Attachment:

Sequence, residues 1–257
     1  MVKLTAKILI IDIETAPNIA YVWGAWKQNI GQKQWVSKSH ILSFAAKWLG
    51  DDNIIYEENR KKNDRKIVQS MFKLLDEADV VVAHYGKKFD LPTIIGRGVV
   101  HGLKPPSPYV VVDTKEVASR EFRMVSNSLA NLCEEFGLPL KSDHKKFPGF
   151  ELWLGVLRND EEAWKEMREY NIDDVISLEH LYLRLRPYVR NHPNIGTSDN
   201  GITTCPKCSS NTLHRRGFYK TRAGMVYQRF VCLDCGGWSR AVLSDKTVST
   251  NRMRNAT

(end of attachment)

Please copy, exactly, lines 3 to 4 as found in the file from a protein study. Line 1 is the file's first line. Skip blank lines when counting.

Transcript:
    51  DDNIIYEENR KKNDRKIVQS MFKLLDEADV VVAHYGKKFD LPTIIGRGVV
   101  HGLKPPSPYV VVDTKEVASR EFRMVSNSLA NLCEEFGLPL KSDHKKFPGF